The PRESIDENT - Or later if he wished.

Senator Drake-Brockman - Or later. Although I granted the Leader of the Opposition leave to make a statement, I did not expect the statement to continue for half an hour or longer, with no right of reply being given to honourable senators on the Government side. I am raising a point of order with you, Sir, and I hope that the Leader of the Opposition will conclude his statement as quickly as possible.

Senator MURPHY - Of course, what has happened here is that in view of the serious nature of what Senator Rae had put, I asked you, Mr President, to make report to the Senate on the implications of what Senator Rae said and I was prepared to leave it at that. Senator Rae insisted upon being given leave to make a statement clarifying what he said, and the Acting Leader of the Government in the Senate (Senator Drake-Brockman) wanted him to be able to make the statement. So the position has changed.

The PRESIDENT - It has absolutely changed, and I rescind any undertaking I gave earlier as a result of the changed circumstances.

Senator MURPHY - An assurance was given that the report would be made in September.

Senator Byrne - Senator, do you mean the whole report or one of the interim reports?

Senator MURPHY - I understood the whole report. One reads in the newspapers - it is not the first time it has been said - that there has been pressure. There was a report in the 'National Times' about pressures mounting 'but Rae report unlikely soon'. There have been suggestions at various times in the newspapers of this land that political influence has been exerted upon the Chairman of the Committee not to present a report. My question this morning was directed to the Chairman of the Committee. I asked him when he was going to produce the report. The suggestion has been made - I repudiate it in every way - that the delay has come from the Opposition side of the chamber, that action by the Opposition has had the effect of delaying the report. That is absolute nonsense. In September of last year, in May of this year and again today we have pressed for the report to be presented to the Parliament.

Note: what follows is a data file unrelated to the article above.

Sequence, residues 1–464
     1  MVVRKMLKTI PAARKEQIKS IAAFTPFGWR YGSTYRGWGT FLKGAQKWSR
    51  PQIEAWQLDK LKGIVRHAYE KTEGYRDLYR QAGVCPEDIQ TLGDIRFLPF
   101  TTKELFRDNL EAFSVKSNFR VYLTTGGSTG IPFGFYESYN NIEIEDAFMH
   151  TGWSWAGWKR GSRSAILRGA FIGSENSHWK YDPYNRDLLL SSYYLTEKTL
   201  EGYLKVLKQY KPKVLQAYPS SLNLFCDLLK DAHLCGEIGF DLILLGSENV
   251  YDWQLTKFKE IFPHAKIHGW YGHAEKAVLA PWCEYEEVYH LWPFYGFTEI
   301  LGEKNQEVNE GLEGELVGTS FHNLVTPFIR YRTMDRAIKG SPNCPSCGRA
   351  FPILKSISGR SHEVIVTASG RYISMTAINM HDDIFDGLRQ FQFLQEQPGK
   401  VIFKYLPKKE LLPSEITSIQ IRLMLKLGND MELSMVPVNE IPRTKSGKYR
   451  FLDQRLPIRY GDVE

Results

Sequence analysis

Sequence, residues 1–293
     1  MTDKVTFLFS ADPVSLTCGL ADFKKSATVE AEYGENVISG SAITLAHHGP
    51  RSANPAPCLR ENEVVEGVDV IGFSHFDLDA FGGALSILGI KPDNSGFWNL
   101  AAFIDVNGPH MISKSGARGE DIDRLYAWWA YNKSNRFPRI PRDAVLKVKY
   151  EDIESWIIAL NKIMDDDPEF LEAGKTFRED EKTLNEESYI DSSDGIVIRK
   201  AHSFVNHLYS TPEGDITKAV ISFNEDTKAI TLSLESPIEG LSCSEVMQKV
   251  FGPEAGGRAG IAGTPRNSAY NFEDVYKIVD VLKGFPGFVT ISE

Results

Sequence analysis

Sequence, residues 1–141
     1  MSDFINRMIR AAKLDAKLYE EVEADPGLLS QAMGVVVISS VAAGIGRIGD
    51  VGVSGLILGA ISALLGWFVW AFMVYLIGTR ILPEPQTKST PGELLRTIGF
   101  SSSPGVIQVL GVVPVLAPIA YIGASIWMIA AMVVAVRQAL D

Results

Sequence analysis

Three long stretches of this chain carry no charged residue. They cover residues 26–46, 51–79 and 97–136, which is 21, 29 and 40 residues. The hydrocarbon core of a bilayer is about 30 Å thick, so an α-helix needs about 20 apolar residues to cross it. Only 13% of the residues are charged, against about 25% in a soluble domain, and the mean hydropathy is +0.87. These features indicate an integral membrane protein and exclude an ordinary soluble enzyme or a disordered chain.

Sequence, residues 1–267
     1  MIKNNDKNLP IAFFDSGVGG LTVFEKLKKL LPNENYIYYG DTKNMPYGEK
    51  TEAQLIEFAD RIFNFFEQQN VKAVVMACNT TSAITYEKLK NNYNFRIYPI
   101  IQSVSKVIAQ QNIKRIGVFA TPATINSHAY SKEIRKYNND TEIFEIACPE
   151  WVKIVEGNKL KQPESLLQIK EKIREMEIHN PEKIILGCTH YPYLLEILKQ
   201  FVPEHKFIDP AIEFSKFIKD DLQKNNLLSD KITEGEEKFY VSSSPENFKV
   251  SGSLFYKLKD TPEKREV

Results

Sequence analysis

The words 'as soon as possible' which have been used can mean only as soon as possible within the life of this Parliament. No-one could possibly suggest that he should be given permission not to present a report before the Parliament expires, after 2i years. I do not mind if the Chairman of the Committee or someone else says that some details of the report have to be considered. That can be understood. If a simple explanation is made, in which it is said that there are all sorts of technical matters which cannot now be presented, that is understandable. But to endeavour to suggest, as the Chairman of the Committee did, that in some way those who are pressing for the presentation of the report-

Senator Rae - I said that it had not been delayed in any way for any purpose.

Senator MURPHY - Then, do I understand that the Chairman of the Committee is now saying that he withdraws entirely his suggestion that there has been political interference from this side of the chamber which has had the effect of delaying the report? If that is the position then I am content. All I say on my own behalf, on behalf of this Party and, I think, in the national interest, is that the best that can be done by this Committee ought to be done and the report ought to be presented to the Senate before the Parliament rises.

Senator Rae - 1 know that I sought leave previously; but 1 did not seek leave to make a speech. 1 made a short explanation. I now seek leave to reply to Senator Murphy.

The PRESIDENT - Is leave granted? There being no objection, leave is granted.

Senator RAE(Tasmania) - I repeat for Senator Murphy's benefit and for the benefit of other honourable senators what I said in answer to the question. I quote it from the Hansard typescript, which I have before me:

I suggest to Senator Murphy that the Committee's report has not been delayed in any way for any purpose, but there have been some times when less interference of a political party nature may have- enabled the Committee to spend more time on the preparation of its report.

Quite obviously, Senator Murphy is totally inexperienced in what is involved in the preparation of a complicated committee report. He is very experienced in moving for wide ranging inquiries to be undertaken by Senate committees, but he is not particularly experienced in participating in the work that is involved in them.

Senator Murphy - I have been on more committees than you have.